Prime Minister Scott Morrison. Source: Reuters
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  • According to a report, Australia’s new fleet of nuclear powered submarines could cost up to $171 billion
  • A new study by the Australian Strategic Policy Institute (ASPI) estimated the cost will be $70 billion at the “absolute minimum”
  • ASPI said it could be as high as $171 billion and it could be 20 years until a submarine would be seaworthy
  • It could take up to 18 months before the taskforce chooses US or British designed submarines
  • The report also agreed that the new submarines would give Australia a regional strategic advantage

Australia’s new fleet of nuclear-powered submarines could cost up to $171 billion, according to a think tank report.

Earlier this year, Australia entered into an agreement with Britain and the United States to give the country access to highly sensitive nuclear submarine technology. The deal is expected to cost anywhere north of $70 billion.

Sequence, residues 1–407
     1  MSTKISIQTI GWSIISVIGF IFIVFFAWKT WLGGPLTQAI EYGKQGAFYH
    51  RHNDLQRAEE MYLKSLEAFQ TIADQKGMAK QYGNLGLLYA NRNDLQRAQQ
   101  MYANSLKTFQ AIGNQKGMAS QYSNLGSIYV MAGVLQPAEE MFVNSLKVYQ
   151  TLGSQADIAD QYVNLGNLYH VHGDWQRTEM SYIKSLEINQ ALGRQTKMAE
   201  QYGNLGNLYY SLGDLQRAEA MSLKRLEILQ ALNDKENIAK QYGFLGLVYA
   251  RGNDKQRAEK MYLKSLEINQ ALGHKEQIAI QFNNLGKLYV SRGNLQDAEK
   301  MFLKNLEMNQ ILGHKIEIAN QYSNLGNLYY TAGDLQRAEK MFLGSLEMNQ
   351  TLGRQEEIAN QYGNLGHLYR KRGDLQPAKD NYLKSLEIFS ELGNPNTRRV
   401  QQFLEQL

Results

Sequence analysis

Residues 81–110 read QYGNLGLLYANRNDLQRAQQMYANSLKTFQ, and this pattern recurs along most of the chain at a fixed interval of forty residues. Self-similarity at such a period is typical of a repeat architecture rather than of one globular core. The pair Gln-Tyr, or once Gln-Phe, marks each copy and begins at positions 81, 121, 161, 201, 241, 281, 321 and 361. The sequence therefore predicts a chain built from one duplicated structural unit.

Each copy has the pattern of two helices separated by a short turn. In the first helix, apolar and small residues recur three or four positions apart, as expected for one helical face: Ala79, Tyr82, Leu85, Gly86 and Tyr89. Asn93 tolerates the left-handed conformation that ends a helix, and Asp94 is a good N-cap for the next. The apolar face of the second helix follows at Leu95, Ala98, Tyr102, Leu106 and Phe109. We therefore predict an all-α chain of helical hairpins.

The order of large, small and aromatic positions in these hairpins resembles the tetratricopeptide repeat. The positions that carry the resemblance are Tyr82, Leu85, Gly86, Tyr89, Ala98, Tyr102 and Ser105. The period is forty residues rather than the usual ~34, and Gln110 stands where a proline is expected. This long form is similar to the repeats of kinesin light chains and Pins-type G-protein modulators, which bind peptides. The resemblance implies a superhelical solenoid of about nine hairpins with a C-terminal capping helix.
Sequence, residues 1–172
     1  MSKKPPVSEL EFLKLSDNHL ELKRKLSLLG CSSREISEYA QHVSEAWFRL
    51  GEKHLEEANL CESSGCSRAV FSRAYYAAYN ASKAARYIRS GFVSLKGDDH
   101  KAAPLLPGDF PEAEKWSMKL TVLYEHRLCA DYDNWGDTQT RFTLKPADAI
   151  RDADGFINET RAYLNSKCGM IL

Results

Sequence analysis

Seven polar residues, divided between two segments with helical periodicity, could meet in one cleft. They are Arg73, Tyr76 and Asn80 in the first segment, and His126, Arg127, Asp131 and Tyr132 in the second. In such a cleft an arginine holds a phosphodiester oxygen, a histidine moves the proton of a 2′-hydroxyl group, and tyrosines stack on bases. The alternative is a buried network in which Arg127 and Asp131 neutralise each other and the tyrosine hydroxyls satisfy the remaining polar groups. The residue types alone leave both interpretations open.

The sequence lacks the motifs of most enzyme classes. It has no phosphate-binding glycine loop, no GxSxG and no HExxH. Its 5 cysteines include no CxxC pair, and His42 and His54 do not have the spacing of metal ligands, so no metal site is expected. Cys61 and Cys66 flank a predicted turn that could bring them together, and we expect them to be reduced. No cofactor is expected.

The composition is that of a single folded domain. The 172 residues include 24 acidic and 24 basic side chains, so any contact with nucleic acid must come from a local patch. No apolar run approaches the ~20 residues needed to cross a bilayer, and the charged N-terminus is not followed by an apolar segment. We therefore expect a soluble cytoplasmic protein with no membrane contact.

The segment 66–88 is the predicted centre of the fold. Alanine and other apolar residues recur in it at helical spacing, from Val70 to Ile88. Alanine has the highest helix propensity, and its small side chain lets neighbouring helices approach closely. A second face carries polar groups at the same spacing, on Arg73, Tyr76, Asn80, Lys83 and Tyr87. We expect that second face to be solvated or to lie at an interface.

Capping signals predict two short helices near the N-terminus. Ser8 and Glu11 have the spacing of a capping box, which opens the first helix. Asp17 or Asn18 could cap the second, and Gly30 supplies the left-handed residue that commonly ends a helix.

This new alliance scrapped the controversial $90 billion program to build up to 12 French-designed submarines, which caused tensions between the two countries.

A new study by the Australian Strategic Policy Institute (ASPI) has estimated the cost will be $70 billion at the “absolute minimum” but said it is “highly likely it will cost substantially more once cost drivers are more clearly understood”.

ASPI said it could be as high as $171 billion and it could be 20 years until a submarine would be seaworthy.

The deal will also see nuclear safeguards developed at Australian ports and naval facilitates, according to the report.

“This new enterprise will be a massive undertaking and probably the largest and most complex endeavour Australia has embarked upon,” ASPI said.

“The challenges, costs and risks will be enormous. It’s likely to be at least two decades and tens of billions of dollars in sunk costs before Australia has a useful nuclear-powered military capability.”

The Federal Government has assigned a taskforce to weigh up the best options for nuclear submarines. It could take up to 18 months before the taskforce chooses US or British designed submarines.

The report also agreed that the new submarines would give Australia a regional strategic advantage.

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